The dolomite in the caves
is subject to the extremes of temperature and sudden flooding, making it
difficult for stalagmites and stalactites to form, hence the lack of the usual
features found in other cave systems.
The largest cave is the Great Nowranie, 290
metres long and 70 metres high. It is also one of the easiest
to access, although the entrance can only be reached after negotiating an 18
metre drop. The use of climbing gear is advised. As the area is extremely isolated only
experienced cavers should attempt these caves and only in
the dry season. Please be aware that the caves are home to
many bats species including the Ghost Bat. Owls also call
the caves home.
There are distinct wet and dry seasons, with heavy monsoonal rains falling
during summer. For those wishing to visit, the middle of the year is cooler and
drier. South-easterly winds at this time of the year also help to make
conditions more hospitable. Temperatures during the rest of the year can be
Flora and Fauna
The park itself is mainly flat dry Spinifex country with some open woodlands
of snappy gum, western bloodwood and western grey box, that dominate the red earth areas in
the northern section. There are areas of turpentine wattle. A dense fringe of coolibah trees
lines Nowranie Creek. Extensive areas of mitchell grass plains occur in the southern
section of the park.
The best time to see wildlife is at dawn and dusk,
although birds can be found along the shaded creek banks. Some of the bird life
found in the wooded areas of the park include galahs, black kites, cockatiels
and kestrels. Owls roost in the caves feeding on small nocturnal mammals such as
the long-haired rat, whilst colonies of bats also live in the caves emerging
after dark to feed on small insects.
Although access by conventional vehicle is possible, visitors may experience
difficulty at creek crossings or on some of the rocky sections of the road. It
is recommended that when travelling to the park it is done early in the dry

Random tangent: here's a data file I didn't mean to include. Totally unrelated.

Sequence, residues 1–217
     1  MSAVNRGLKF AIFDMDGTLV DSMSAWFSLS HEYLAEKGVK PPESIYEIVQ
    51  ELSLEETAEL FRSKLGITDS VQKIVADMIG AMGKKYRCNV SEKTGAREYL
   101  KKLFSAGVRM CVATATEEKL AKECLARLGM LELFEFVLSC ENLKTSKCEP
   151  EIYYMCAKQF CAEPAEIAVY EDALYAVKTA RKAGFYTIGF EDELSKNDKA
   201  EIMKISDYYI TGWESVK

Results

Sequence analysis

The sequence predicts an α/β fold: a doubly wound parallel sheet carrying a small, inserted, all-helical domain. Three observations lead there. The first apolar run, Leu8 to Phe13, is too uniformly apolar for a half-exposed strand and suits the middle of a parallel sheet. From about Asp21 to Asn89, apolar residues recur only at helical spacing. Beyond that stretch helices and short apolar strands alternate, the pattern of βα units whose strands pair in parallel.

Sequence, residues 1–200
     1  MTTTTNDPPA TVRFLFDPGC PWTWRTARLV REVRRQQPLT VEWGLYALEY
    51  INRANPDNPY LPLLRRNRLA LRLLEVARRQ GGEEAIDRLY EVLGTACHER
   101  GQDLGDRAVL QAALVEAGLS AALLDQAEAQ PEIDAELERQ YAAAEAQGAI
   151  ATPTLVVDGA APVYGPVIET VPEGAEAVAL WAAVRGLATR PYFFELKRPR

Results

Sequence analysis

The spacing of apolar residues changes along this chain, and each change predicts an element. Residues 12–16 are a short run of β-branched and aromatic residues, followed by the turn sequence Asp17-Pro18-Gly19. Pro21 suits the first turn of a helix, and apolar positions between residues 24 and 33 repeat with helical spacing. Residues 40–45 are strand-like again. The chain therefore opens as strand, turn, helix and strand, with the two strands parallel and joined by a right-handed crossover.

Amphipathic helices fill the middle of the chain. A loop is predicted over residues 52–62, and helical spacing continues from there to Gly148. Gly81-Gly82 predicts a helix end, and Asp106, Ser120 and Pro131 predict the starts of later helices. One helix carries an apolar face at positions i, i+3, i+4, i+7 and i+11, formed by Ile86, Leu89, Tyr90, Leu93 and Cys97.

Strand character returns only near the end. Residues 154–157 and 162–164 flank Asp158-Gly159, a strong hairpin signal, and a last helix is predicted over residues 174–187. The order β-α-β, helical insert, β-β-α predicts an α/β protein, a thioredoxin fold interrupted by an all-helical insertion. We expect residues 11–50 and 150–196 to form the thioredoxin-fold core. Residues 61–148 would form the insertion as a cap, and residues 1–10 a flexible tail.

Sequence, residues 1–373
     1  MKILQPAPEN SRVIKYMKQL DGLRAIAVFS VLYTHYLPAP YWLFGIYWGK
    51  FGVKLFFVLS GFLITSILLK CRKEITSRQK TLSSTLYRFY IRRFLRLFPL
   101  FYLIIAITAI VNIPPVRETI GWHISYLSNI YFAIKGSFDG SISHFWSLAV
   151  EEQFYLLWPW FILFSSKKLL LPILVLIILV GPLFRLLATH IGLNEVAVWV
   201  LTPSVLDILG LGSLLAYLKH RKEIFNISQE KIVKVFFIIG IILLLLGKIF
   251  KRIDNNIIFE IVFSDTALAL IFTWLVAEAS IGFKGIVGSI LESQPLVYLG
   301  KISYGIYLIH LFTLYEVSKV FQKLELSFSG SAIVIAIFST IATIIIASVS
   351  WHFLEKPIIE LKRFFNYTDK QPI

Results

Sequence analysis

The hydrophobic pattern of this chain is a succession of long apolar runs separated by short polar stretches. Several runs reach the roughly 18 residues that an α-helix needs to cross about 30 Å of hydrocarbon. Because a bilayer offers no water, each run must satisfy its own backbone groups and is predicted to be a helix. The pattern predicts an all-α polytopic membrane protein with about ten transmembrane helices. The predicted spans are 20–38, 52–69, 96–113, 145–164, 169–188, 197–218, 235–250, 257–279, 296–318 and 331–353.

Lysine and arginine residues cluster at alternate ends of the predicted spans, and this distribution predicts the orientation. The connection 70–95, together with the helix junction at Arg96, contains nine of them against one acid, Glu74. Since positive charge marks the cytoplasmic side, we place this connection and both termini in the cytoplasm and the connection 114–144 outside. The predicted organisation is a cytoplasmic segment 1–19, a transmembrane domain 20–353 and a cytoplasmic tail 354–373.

season, as roads become extremely boggy for several days after the rain. You can
check the road conditions with the Mount Isa Ranger in Charge. For your own
safety, please notify the local police of your arrival and departure times.
Things to Remember
- A grazing lease covers the area where the
caves are located, so please do not disturb the cattle or
interfere with bore holes.
No pets or firearms are permitted in the park
Plan the trip carefully and be prepared for any emergencies as this area is very
Carry sufficient water at all times, notifying other people in your party of
There are extreme seasonal conditions that range from temperatures that
regularly exceed 40 degrees in summer to winter temperatures of between 0 and 7
Take care with fires and use a fuel stove when possible.
Take all your rubbish with you when you leave.
Camping permits are required from the Ranger in Charge at Mount Isa or directly
from the self-registration station on the park.
Source: Queensland Parks &
Contact the local Parks and
Wildlife Service or visit the
QLD National parks, marine parks and forests website. In addition to our listed online travel guide information,
contact the local tourism visitor centre for your destination for more attractions,
tours, local maps and other information.